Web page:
A horrific blow that saw Steve Smith struck in the neck by a bouncer and immediately collapse headlined an ultimately fascinating day four of the second Ashes Test.
The Test moved quickly on Saturday (local time) as Australia was bowled out for 250, largely thanks to Smith’s 92, before England wobbled in its second innings, finishing at 4-96 with a lead of just 104 runs.
But Lord’s stood still – and silent – after Smith, on 80, was struck a sickening blow below his left ear by a sharp Jofra Archer bouncer.
The Australian batsman collapsed, clearly disorientated, but managed to remove his helmet as players from both sides rushed to his aid.
Smith forced from the field after the brutal bouncer from Archer strikes him!
— Wide World of Sports (@wwos) August 17, 2019
With the tragic loss of Phillip Hughes still raw in the memory of cricket fans, it was impossible not to be reminded of the incident in the immediate aftermath.
Smith was attended to by the Australian team doctor, and under cricket’s new concussion protocols, taken from the field and replaced by Peter Siddle.
“I think everybody’s minds went back to Phillip Hughes at that point,” commentator Michael Atherton said on Sky Sports.
“He was hit in a not too dissimilar position … Smith’s was a bit further down around the neck but it was still a horrific blow.
“When you see a guy completely poleaxed … it’s something you never want to see on a cricket field.”
It was not the first time Smith had been hit by Archer. In fact, the two both played their part in a mesmerising battle between the world’s best batsman and a Test debutant regularly bowling at speeds in excess of 140 kilometres-per-hour.
Bowling with pace, aggression and variety, Archer tested Smith, who often eased the pressure with a well-timed boundary.
This battle was truly gripping and it looked like Smith, still at the crease, was getting the better of the paceman before the England quick hit the batsman in the forearm on 70.
Smith was clearly in pain after the incident but fought on, knowing Matthew Wade (6) and Tim Paine (23) were already back in the pavilion.
Smith, unsurprisingly, had scored the bulk of Australia’s runs and he continued on until he was hit for a second time.
“It was a terrible blow. It looked horrible at the time and we weren’t sure what would happen … obviously the mind goes into overdrive. Thankfully, he’s okay and he is in very good spirits tonight,” Australia coach Justin Langer said on Sky Sports.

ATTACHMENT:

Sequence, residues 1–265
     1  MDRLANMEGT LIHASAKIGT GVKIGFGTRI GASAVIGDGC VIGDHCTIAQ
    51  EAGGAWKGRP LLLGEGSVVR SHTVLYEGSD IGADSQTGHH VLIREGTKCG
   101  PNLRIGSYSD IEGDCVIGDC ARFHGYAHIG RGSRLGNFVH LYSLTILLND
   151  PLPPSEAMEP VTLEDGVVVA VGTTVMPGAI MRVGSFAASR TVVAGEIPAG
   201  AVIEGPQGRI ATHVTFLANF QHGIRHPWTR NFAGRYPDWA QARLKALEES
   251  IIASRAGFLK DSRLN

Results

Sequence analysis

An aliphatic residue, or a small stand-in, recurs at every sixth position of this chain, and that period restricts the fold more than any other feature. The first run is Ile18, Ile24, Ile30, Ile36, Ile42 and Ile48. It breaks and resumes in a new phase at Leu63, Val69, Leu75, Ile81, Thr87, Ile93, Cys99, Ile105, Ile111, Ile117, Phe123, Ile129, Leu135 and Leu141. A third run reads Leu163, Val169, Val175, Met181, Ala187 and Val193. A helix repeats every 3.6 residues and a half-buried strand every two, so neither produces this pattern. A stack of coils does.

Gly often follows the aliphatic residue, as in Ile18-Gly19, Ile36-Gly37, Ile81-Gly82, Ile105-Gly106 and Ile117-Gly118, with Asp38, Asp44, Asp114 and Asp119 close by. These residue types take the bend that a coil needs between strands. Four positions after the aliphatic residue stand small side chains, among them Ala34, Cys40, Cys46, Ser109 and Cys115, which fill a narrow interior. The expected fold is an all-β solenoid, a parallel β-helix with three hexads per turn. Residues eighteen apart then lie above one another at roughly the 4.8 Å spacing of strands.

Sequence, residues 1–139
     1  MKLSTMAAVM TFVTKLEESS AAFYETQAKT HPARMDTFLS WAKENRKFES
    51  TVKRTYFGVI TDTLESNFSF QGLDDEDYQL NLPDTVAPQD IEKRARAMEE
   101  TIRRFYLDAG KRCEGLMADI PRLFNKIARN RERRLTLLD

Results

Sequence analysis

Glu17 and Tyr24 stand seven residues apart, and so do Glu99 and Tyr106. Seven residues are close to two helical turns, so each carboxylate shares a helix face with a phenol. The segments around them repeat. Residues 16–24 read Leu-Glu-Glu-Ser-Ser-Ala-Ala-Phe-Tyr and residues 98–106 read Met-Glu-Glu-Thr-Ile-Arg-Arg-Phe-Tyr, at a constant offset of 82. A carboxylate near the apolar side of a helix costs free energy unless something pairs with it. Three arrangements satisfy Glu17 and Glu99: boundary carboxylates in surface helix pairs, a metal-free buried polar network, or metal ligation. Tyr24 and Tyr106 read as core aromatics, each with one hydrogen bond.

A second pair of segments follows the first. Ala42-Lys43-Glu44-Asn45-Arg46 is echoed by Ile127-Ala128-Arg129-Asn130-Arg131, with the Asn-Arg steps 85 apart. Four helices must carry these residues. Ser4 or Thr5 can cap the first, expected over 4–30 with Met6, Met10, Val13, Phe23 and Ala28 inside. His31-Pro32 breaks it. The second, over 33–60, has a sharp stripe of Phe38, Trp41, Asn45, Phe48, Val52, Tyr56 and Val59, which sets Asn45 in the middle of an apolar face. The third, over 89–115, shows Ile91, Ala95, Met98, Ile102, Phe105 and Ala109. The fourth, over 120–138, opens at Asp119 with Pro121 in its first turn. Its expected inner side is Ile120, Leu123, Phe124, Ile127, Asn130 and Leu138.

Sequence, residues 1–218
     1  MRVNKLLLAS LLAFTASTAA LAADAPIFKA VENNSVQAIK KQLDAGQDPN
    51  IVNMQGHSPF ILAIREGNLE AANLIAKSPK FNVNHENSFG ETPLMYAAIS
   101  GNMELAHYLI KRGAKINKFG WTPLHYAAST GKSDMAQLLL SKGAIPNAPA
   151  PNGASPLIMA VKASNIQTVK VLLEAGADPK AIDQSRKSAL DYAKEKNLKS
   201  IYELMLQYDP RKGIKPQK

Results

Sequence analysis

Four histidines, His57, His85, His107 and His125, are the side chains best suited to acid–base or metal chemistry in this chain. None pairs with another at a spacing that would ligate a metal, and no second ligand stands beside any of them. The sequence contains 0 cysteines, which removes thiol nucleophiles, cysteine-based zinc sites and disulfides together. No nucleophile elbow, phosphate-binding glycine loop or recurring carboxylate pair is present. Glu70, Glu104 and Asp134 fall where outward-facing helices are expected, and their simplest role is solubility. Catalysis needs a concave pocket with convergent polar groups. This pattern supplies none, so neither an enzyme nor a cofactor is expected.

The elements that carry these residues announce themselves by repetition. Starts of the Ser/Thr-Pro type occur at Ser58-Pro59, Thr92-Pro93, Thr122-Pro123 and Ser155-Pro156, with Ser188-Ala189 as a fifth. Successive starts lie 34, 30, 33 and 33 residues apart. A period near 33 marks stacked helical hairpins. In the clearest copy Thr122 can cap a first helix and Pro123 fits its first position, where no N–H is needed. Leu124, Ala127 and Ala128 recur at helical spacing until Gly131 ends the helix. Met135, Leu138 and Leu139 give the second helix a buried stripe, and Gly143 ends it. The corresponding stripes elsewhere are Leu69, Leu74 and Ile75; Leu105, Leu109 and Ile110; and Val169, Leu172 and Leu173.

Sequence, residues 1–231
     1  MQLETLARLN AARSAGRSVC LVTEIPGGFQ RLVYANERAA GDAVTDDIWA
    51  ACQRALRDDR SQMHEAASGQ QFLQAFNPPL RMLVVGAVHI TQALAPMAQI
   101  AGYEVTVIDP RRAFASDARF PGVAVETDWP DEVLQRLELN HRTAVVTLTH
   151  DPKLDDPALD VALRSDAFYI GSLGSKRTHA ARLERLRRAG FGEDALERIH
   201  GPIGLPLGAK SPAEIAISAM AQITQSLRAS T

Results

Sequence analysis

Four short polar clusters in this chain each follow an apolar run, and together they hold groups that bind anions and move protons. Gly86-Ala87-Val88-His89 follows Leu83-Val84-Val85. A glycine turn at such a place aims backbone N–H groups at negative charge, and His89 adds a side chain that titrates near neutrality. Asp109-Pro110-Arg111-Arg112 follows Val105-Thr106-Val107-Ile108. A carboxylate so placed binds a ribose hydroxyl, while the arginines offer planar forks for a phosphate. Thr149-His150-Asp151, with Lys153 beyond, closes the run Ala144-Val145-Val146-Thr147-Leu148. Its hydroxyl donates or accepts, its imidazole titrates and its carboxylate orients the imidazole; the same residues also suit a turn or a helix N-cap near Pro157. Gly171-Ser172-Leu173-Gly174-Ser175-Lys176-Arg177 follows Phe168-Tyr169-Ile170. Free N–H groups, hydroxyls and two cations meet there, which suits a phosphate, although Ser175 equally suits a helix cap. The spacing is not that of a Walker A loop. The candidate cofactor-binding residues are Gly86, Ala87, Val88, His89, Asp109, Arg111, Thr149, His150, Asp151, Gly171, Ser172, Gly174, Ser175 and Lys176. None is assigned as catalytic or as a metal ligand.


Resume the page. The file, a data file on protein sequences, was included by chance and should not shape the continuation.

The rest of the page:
Langer added that Smith did not bat with the stem guards developed after the Hughes tragedy that offer players a safer helmet, and that it was “a personal choice”.
A range of tests and checks on Smith were completed while Siddle (9) batted with Pat Cummins (20). When Siddle departed, Smith came back out to bat in a show of fight and bravery.
But while he was warmly applauded by the Lord’s Long Room and many fans, Smith was also incredibly booed by large sections of the crowd as he came back out to bat.
Even Michael Vaughan pleaded with England fans to “please stop booing” on Twitter and Smith responded by hitting two of the first three deliveries he faced for four after his return.
He would not last much longer, though, after he uncharacteristically left a straight Chris Woakes ball and was plumb lbw just eight runs short of another hundred.
A Cricket Australia statement on Smith’s condition soon followed: “Steve was hit on the neck below the left ear. He was assessed lying on the pitch at the instructions of team doctor Richard Saw.
“Dr Saw made the precautionary decision to remove Steve from the field of play to have him further assessed under Cricket Australia’s head impact protocol. Steve then passed his assessments and will now be monitored on an ongoing basis, as is routine.”
Nathan Lyon (6) and Cummins were soon dismissed, leaving Australia all out for 250, eight runs short of England’s first innings total.
Stuart Broad finished with figures of 4-65, while Woakes took 3-61 and Archer ended up with two wickets.
Smith was then sent for “a precautionary X-ray” on his left forearm but Cricket Australia later cleared him of any fracture.
England in trouble
On the field, England was in early trouble after Cummins (2-16) removed Jason Roy (2) and Joe Root (0) in successive deliveries.
Joe Denly (26) was then dropped on seven, David Warner spilling a tough chance at first slip off Siddle and the reprieves kept coming as Australia failed to review an incorrect lbw decision that would have seen Rory Burns (29) dismissed.
Siddle then stepped up to remove Denly, caught and bowled, and Burns, caught behind with a brilliant delivery that leapt up off the seam.
Warner endured a session to forget, though, dropping another chance at slip that would have dismissed Stokes, who was also lucky when Australia again declined to review an lbw decision that was proved wrong.
And Stokes (16 not out) and Jos Buttler (10 not out) managed to see it out until stumps on a fascinating day of Test cricket.